FARMINGTON — Since the Pierce House celebrated its grand 100-year anniversary in 2005, it has been the tradition for Old South First Congregational Church to serve up strawberry shortcake on July 4.

Most years, volunteers from Old South pick the berries fresh from David and Verna Pike’s farm on the Whittier Road. Historically, volunteer pickers gather in the morning and harvest more than 100 pounds of the red ripe berries.

Boxes of picked berries are then transported to the Old South kitchen where another group of at least six volunteers wash, hull and mash the strawberries adding just the right amount of sugar. Each year the Pikes have supported the annual strawberry shortcake event by donating a generous portion of the berries.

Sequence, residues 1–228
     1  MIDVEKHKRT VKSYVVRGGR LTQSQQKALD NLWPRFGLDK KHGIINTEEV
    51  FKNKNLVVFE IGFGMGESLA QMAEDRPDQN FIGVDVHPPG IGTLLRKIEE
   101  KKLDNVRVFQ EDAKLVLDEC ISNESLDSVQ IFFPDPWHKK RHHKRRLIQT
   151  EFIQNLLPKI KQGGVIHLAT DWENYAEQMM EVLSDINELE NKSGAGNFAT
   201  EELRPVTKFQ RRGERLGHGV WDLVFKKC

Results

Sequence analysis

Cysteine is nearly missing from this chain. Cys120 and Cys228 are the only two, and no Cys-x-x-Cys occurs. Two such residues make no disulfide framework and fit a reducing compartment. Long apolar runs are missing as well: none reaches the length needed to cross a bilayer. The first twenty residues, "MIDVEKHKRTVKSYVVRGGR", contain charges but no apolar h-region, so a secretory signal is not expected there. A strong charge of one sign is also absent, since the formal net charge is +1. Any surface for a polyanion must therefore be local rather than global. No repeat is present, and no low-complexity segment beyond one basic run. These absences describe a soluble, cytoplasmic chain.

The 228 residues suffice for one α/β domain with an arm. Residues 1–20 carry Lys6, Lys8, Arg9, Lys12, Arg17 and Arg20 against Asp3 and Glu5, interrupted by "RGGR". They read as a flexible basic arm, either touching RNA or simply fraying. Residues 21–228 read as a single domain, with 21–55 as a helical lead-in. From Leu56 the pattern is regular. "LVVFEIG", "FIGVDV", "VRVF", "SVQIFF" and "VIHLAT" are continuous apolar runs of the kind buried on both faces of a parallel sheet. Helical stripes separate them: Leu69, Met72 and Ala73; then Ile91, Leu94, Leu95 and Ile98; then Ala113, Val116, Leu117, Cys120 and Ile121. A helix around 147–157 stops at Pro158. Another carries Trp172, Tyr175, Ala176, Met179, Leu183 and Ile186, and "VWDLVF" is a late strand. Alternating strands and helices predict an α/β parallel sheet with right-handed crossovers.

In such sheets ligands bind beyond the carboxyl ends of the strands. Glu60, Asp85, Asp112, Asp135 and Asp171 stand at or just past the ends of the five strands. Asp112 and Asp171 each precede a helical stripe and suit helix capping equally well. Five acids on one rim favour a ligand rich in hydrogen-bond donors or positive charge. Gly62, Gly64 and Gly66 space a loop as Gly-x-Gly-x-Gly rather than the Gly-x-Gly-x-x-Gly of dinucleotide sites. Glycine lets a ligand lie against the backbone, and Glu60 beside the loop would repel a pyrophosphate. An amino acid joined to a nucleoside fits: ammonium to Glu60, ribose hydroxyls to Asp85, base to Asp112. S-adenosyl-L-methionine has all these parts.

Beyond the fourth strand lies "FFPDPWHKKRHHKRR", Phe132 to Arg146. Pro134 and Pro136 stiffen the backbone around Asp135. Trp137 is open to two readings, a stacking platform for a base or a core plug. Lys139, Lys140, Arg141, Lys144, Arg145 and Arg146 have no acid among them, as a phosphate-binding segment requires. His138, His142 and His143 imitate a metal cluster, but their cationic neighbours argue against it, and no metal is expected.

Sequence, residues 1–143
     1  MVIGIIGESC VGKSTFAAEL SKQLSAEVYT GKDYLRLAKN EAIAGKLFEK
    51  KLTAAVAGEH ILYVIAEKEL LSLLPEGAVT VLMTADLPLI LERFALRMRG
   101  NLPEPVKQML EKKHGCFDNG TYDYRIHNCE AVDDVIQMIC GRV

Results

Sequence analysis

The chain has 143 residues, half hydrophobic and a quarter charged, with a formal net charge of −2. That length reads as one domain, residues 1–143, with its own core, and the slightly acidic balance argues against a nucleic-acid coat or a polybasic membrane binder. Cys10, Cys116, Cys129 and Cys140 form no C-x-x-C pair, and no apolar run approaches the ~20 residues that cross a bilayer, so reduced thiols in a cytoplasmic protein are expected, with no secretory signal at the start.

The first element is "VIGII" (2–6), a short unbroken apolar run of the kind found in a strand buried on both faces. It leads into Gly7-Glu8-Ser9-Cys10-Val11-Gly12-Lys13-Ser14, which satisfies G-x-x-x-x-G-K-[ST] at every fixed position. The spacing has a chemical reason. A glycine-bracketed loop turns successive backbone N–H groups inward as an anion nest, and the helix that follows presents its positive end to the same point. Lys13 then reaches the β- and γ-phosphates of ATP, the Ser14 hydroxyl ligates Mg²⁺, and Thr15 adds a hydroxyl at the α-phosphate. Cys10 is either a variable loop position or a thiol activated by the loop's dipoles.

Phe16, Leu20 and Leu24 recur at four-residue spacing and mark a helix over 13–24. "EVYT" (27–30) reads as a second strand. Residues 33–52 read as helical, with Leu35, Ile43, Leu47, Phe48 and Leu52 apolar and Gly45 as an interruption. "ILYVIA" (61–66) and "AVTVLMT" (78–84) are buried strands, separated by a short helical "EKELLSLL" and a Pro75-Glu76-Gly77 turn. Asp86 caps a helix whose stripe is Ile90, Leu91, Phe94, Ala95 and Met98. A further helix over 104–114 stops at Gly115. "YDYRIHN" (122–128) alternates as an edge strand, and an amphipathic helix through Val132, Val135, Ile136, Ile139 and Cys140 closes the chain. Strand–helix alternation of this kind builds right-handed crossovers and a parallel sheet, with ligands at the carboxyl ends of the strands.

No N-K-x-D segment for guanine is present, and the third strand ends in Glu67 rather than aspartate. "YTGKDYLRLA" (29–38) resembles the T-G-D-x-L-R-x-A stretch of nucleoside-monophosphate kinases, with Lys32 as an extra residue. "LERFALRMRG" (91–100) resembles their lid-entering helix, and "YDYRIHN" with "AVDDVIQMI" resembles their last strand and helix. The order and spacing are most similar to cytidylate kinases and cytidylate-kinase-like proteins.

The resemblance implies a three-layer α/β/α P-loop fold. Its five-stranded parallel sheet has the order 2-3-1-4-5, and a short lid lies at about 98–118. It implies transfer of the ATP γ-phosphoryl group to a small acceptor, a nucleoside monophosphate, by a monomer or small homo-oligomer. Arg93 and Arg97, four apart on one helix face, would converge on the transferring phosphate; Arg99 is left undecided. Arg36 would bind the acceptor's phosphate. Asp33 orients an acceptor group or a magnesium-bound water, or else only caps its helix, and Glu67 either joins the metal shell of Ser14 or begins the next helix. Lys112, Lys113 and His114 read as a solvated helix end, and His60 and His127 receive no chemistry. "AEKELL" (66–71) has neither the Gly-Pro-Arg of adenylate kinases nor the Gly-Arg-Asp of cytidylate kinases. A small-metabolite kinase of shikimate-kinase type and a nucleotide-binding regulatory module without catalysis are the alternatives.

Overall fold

Early on the morning of July 4, at least 300 biscuits are baked in the church’s kitchen. Once the biscuits are baked, all the ingredients and supplies are taken to the Pierce House and the serving area is set up under a tent on the Pierce House front lawn. Each year there is always someone wanting their shortcake before the setup is complete.

Volunteers staff the assembly line, making each shortcake as perfect as possible with a fresh baked biscuit, a generous scoop of Pikes’ locally grown fresh strawberries and a generous squirt of whipped cream. Serving is from 10:30 a.m. to 12:30 p.m., or until the berries or biscuits run out, at 208 Main St.

The cost for a serving will remain the same as last year at $4 each. Proceeds from the sale of the strawberries will benefit community service and outreach through improved handicapped accessibility to the Old South Church’s Newman Wing. The winter warming center, support groups and other community events are held in the Newman Wing addition.


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